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When Is a Deadline Really a Deadline? U.S. Supreme Court Clarifies the Distinction Between a Jurisdictional Appeal Filing Deadline and a Mandatory Claim Processing Rule

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November 14, 2017

Client Alert
A federal circuit court is required to affirmatively determine whether it possesses jurisdiction over an appeal pursuant to statutory limitations set forth by Congress, as “[o]nly Congress may determine a lower federal court’s subject matter jurisdiction.”1 

Among other rules, Federal Rule of Appellate Procedure 4(a)(5) authorizes a U.S. district court to extend the time for filing a notice of appeal in a civil case. Rule 4(a)(5) incorporates 28 U.S.C. § 2107(c), which provides for extensions of the notice of appeal deadline. However, Rule 4(a)(5)(C) goes a step further by specifically limiting the length of such extensions: “No extension…may exceed 30 days after the prescribed time or 14 days after the date when the order granting the motion is entered, whichever is later.” 

The question then is if an appellant files a notice of appeal beyond the 30-day period set forth in Rule 4(a)(5)(C), does a circuit court lack jurisdiction to hear the appeal? In Hamer v. Neighborhood Housing Services of Chicago, the U.S. Supreme Court answered that the filing of a notice of appeal beyond the deadline set forth in Rule 4(a)(5)(C) does not automatically divest a circuit court of jurisdiction over the case.  

In Hamer, following entry of summary judgment in favor of the appellee, the U.S. District Court for the Northern District of Illinois inexplicably provided the appellant a lengthy (and unauthorized by rule) 60-day extension to file her notice of appeal — without objection by the appellee. When presented with the appeal, the Seventh Circuit concluded, sua sponte, that because Rule 4(a)(5)(C) imposes a “jurisdictional” time limit, it was required to dismiss the appeal.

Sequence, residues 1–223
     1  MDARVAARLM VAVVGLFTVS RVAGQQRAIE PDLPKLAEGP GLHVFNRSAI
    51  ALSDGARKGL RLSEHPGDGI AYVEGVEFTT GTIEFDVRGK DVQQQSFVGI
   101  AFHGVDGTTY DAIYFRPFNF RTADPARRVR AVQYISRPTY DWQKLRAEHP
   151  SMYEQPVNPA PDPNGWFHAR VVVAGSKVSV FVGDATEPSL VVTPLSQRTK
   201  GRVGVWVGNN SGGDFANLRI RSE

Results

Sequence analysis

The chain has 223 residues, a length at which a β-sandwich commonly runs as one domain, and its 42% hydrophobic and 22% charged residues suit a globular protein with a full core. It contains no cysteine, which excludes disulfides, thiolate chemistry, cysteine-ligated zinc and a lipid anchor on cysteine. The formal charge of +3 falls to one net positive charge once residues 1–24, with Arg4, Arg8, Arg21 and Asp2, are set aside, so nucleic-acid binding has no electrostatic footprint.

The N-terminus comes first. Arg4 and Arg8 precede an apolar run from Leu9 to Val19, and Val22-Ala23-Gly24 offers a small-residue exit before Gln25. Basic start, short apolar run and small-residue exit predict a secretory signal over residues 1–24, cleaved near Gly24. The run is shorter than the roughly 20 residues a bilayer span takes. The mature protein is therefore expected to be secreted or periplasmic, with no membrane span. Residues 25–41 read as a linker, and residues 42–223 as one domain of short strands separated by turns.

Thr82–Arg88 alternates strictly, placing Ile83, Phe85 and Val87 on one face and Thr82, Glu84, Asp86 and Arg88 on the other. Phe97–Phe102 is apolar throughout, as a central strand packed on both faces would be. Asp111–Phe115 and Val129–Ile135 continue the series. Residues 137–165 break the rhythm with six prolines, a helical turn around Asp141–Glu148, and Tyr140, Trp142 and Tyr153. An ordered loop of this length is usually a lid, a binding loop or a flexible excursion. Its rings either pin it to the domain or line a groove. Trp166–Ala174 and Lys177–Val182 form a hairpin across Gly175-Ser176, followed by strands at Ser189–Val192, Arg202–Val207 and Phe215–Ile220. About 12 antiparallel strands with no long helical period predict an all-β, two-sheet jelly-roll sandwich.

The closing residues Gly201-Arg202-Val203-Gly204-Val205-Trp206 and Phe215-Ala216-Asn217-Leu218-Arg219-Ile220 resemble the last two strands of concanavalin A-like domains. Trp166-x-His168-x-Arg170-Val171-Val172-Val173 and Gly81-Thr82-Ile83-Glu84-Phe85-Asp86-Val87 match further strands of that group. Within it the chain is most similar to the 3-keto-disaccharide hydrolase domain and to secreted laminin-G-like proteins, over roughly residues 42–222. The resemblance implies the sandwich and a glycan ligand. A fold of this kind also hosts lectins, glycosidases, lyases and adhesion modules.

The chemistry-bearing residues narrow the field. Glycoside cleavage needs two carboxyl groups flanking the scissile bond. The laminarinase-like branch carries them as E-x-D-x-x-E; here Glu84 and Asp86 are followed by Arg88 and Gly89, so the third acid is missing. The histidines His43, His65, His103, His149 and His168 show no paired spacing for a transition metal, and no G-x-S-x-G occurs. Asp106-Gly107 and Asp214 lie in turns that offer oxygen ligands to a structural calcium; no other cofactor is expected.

The U.S. Supreme Court reversed, holding that the 30-day limit on extensions contained in Rule 4(a)(5)(C) for filing a notice of appeal does not automatically deprive a circuit court of jurisdiction to adjudicate the appeal because the rule is merely a “claim-processing” canon, rather than a “jurisdictional” limitation of the circuit court’s power. In analyzing prior case law discussing §2109(c), the Court found the Seventh Circuit had erroneously concluded it lacked jurisdiction over the case because the appellant’s notice of appeal was filed after the deadline set forth in Rule 4(a)(5)(C). The Court explained that because the deadline set forth in Rule 4(a)(5)(C) stems from a “court-made rule”, rather than a statute promulgated by Congress, it is the duty of the opposing party to object to the timeliness of the notice of appeal, and not an affirmative jurisdictional constraint on the circuit court. 

Accordingly, because the appellant’s appeal was not automatically barred for consideration by the Seventh Circuit due to lack of jurisdiction, the Court remanded the case for further proceedings, noting that its decision did not address whether the appellee forfeited its right to challenge the District Court’s 60-day extension by failing to assert a timeliness objection. 

Hamer thus provides that mandatory “court-made” deadlines, in contrast to statutes promulgated by Congress, will not divest a reviewing court of the ability to hear an appeal unless affirmatively raised by the opposing party, or else such objections to timeliness may be deemed forfeited or waived.


  1. Kontrick v. Ryan, 540 U.S. 443, 452 (2004) (citing U.S. Const., Art. III, §1).  

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